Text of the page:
RSA Algorithm (1) •  [Rivest, Shamir, Adleman, 1978] •  Recall that public-key cryptosystems use two keys per user: –  K, the public key, made available to all –  K-1, the private key, kept secret by user

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RSA Algorithm (2) •  Choose two random, large primes, p and q, of equal length, and compute n=pq •  Randomly choose encryption key e, s.t. e and (p-1)(q-1) are relatively prime •  Use extended Euclidean algorithm to compute d, s.t. d = e-1 mod ((p-1)(q-1)) •  Public key: K = (e, n) •  Private key: K-1 = d •  Discard p and q 32

RSA Algorithm (3) •  Encryption: –  Divide message M into blocks mi, each shorter than n –  Compute ciphertext blocks ci with: ci = mie mod n

•  Decryption –  Recover plaintext blocks mi with: mi = cid mod n 33

Why Does RSA Decryption Recover Original Plaintext? •  Observe that cid = (mie)d = mied •  Note that ed ≡ 1 (mod (p -1)(q -1))

because e and d are inverses mod (p-1)(q-1)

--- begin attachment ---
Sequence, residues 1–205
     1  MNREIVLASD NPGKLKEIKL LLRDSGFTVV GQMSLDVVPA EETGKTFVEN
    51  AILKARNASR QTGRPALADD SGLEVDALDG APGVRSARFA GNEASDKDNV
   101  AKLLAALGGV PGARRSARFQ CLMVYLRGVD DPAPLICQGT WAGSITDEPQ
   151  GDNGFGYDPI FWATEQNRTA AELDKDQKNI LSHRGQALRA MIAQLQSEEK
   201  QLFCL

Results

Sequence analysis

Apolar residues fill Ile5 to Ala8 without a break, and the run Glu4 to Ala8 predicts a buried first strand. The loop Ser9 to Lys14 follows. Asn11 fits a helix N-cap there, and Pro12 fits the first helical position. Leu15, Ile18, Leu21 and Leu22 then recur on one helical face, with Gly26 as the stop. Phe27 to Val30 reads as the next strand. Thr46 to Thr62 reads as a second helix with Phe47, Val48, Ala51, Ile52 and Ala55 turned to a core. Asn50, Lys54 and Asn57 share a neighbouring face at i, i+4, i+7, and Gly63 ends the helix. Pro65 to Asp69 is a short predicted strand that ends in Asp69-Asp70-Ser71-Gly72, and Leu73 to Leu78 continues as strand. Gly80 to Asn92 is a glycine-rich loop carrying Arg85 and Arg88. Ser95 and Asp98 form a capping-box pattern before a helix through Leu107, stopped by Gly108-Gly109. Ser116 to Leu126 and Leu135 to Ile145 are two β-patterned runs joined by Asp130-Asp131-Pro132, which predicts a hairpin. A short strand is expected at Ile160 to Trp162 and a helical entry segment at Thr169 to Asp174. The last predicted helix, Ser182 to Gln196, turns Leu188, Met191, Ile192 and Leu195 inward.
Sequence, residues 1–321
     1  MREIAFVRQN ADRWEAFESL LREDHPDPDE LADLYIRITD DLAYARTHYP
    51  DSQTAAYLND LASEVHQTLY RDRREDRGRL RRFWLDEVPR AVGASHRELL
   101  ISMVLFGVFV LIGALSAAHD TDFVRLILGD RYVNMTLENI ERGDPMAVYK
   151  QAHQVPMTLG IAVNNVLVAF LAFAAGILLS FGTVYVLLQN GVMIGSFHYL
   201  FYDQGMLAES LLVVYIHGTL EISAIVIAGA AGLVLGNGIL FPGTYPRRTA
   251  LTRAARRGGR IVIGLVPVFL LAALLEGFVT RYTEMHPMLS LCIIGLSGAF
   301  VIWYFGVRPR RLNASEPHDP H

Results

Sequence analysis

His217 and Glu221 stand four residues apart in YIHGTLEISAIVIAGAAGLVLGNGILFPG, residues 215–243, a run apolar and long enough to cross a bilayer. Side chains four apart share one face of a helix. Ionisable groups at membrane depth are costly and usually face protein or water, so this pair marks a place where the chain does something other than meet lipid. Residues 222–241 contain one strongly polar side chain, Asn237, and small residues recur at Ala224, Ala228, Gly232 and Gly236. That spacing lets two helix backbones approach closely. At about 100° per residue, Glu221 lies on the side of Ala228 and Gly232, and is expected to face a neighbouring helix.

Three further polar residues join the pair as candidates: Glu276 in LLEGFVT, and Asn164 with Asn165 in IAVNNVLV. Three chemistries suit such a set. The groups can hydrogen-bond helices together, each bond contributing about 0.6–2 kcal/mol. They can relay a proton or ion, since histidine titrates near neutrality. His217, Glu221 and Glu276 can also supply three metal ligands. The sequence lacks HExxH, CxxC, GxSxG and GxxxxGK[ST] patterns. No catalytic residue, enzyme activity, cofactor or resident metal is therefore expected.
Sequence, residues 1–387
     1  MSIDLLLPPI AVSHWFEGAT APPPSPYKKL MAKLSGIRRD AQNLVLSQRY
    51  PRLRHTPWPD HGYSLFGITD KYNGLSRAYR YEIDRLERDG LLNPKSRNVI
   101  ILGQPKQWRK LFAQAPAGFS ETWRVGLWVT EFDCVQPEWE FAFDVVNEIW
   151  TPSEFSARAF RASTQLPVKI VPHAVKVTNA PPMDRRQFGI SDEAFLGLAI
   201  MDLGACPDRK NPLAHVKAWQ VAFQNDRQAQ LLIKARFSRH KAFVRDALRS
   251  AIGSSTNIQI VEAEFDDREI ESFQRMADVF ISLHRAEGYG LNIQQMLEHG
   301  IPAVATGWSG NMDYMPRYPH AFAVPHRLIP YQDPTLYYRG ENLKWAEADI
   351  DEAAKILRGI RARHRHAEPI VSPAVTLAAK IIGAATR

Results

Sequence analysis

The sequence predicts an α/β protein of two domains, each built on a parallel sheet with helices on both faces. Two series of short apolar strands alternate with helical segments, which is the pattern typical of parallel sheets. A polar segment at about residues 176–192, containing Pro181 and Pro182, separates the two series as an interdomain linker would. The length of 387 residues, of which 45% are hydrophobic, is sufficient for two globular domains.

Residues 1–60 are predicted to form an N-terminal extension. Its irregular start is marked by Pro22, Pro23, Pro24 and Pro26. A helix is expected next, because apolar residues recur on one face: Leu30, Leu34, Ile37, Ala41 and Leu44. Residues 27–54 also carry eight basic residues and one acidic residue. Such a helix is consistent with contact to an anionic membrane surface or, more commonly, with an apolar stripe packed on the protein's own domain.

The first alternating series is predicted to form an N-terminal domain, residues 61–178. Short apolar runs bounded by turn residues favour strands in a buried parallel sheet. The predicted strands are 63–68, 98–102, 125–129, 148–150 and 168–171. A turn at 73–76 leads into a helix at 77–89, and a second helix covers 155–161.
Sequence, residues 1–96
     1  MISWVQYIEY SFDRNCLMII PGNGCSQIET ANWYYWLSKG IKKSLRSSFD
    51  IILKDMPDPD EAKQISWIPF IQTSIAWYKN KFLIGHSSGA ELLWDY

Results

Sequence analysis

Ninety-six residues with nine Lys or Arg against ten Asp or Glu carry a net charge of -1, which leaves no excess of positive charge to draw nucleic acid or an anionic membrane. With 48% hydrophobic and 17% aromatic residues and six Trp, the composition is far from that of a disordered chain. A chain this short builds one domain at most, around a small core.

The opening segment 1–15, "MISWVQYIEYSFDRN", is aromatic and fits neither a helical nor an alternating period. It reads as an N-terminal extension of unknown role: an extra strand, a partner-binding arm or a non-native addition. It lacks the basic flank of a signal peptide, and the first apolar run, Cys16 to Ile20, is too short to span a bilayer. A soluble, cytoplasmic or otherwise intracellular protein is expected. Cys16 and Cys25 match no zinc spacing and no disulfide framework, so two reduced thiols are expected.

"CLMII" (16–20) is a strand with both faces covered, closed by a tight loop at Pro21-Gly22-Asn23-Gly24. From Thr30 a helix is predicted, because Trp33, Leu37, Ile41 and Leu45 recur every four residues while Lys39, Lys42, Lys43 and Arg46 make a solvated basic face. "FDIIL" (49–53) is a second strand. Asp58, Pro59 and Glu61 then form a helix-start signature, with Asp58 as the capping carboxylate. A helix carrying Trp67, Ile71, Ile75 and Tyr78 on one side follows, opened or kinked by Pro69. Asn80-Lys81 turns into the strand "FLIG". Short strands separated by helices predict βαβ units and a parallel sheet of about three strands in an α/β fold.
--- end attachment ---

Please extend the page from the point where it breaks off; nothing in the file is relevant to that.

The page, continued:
•  So:

ed ≡ 1 (mod (p -1)), and thus ed = k(p-1)+1 €ed ≡ 1 (mod (q -1)), and thus ed = h(q-1)+1

•  Consider case where mi and p are relatively prime: (p-1) i

m ≡ 1 (mod p)by Euler’s generalization of Fermat’s little theorem –  so mied = mik(p-1)+1 = mi (mi(p-1) ) k ≡ mi (mod p)

€ € €

•  And case where mi a multiple of p: ed

mi = 0 ed = 0 ≡ mi (mod p) ed

m ≡ mi (mod p) €•  Thus in all cases, i

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Why Does RSA Decryption Recover Original Plaintext? (2) ed i

•  Similarly, m ≡ mi (mod q) •  Now: ed

mi - mi ≡ 0 (mod p) ed m €i - mi ≡ 0 (mod q)

•  Because p, q both prime and distinct: € €

ed

mi - mi ≡ 0 (mod (pq)) d i

ed i

•  So c = m

≡ mi (mod n)

€ 35